Dubai: The UAE Central Bank has raised the base rate on the Overnight Deposit Facility (ODF) by 5 basis points from Thursday (June 17). This decision was taken following the US Federal Reserve Board’s announcement to increase the Interest on Excess Reserves (IOER) by 5 basis points.
The new base rate set by the CBUAE is 15 basis points. The UAE regulator also decided to maintain the rate applicable to borrowing short-term liquidity from the CBUAE through all standing credit facilities at 50 basis points above the base rate.
“The base rate, which is anchored to the US Federal Reserve’s IOER, signals the general stance of the CBUAE’s monetary policy," the Bank said in a statement. "It also provides an effective interest rate floor for overnight money market rates.”
Guidance on rate hikes
The Federal Reserve kept its benchmark interest rates unchanged at near zero as economic recovery continues amid growing concerns over an inflation surge. "Progress on vaccinations has reduced the spread of COVID-19 in the US," the Fed said in a statement. "Amid this progress and strong policy support, indicators of economic activity and employment have strengthened."
It came days after the Labour Department reported that US consumer prices rose 0.6 per cent in May, with a 12-month increase of 5 per cent, marking the largest 12-month increase since the period ending August 2008. Excluding the volatile food and energy categories, the so-called core consumer price index (CPI), the Fed's preferred inflation measure, rose 0.7 per cent in May, following a 0.9 per cent increase in April.
Although the recent spike in inflation is termed by the Fed as transitory, the hawkish stance on earlier than anticipated rate hike in 2023 is likely to have deep impact on global interest rates, capital flows, liquidity and exchange rates.
GCC interest rate outlook
All GCC currencies, with the exception of Kuwaiti dinar, are pegged to the dollar. Interest rates across GCC track US rate movements to avoid speculation and pressure on local currencies that could trigger capital outflows. Although the Fed is unlikely to increase rates before 2023, the hawkish tone of the latest Fed meeting points to at least two hikes in 2023 that will be reflected on GCC interest rates.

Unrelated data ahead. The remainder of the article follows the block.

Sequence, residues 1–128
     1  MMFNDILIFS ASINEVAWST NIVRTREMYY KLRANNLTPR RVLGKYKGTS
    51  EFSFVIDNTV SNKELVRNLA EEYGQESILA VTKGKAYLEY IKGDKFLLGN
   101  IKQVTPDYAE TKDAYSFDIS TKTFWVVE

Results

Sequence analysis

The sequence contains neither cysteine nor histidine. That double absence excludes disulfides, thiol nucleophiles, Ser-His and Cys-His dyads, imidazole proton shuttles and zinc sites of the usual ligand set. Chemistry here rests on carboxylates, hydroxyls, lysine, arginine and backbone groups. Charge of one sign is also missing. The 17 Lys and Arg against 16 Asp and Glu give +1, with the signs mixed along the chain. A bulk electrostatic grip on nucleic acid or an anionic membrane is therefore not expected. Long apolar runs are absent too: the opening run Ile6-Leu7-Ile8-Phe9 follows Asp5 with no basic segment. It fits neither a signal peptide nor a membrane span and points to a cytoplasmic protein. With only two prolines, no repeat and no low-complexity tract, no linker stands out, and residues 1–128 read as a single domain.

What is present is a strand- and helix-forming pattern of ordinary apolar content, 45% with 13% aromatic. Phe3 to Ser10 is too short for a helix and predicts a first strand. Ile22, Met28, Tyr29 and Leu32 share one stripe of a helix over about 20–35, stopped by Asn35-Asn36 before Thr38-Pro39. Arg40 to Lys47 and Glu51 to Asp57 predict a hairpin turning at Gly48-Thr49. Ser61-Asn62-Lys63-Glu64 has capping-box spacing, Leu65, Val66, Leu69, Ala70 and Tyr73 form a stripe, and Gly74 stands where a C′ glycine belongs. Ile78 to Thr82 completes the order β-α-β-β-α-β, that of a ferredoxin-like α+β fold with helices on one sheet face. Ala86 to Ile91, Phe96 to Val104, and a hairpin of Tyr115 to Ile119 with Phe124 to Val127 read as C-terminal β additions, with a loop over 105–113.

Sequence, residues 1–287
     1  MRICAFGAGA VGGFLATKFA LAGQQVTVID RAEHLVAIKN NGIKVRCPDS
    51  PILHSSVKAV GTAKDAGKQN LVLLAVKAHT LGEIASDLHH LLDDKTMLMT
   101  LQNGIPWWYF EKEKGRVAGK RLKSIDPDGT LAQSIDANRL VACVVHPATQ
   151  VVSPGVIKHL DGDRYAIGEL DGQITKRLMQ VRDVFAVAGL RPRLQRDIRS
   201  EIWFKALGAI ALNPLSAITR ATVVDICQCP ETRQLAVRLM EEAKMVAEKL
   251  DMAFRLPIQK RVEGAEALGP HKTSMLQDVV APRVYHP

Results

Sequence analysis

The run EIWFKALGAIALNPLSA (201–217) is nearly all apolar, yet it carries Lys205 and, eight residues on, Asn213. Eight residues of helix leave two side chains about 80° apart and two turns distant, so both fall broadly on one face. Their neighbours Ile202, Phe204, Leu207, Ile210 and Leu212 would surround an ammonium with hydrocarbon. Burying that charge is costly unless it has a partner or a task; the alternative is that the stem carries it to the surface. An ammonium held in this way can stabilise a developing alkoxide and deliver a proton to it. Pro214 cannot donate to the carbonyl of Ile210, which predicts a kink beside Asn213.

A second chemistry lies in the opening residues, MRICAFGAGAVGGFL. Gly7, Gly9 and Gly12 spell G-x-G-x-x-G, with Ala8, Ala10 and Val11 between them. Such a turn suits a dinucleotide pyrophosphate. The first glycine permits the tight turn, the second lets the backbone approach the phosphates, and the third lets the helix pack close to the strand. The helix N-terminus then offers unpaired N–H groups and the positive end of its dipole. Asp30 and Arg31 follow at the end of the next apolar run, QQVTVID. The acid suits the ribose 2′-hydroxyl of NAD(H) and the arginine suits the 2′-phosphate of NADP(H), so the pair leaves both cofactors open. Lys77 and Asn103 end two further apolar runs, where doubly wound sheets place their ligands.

Impact on GCC
The Fed has pledged to continue its asset purchase programme at least at the current pace of $120 billion per month until economic recovery makes substantial progress. There is speculation that the tapering (gradual reduction in bond purchases by the Fed) could begin as early as mid-2021, adding to the pressure on emerging market currencies and equities.
Higher US yields and a stronger dollar are likely to reduce the popularity of carry trades, which had bolstered demand for regional debt. “The prospects of a calm carry collection summer seem to be somewhat challenged,” Citigroup Inc. strategists wrote in a note. "Even as Asia is in a better position compared to that last episode of taper chatter in 2013, it is not immune to spillovers from higher US rates and stronger US dollar."
An earlier than anticipated tapering is unlikely to impact GCC’s dollar pegged currencies or result in capital flight as could be the case in many emerging markets.
Emerging market equties
Almost all developing Asian currencies were lower against the greenback after the Fed released forecasts that showed officials anticipate two interest rate increases by the end of 2023 - sooner than many thought. An earlier than anticipated rate hike and pull-back from bond purchase could keep US Treasury yields elevated and weigh on Asian currencies in the near term, particularly those that benefited from large portfolio capital inflows.
Large capital outflows could mean rapid decline in exchange rates of these currencies against the dollar.
Indian rupee outlook
The rupee slipped 33 paise to 73.65 against the dollar in early trade on Thursday, amid strengthening of the greenback. It hints at further pressure on the rupee and India's equity markets amid strengthening dollar and rising US Treasury yields.
Asian currencies started weaker against the greenback this Thursday morning and will weigh on sentiments. The South Korean won fell as much as 1.5 per cent to pace declines in the region, while the Chinese yuan, Indian rupee and Indonesian rupiah each dropped at least 0.5 per cent. Analysts see these losses could mark the start of a new era of declines in emerging Asian exchange rates.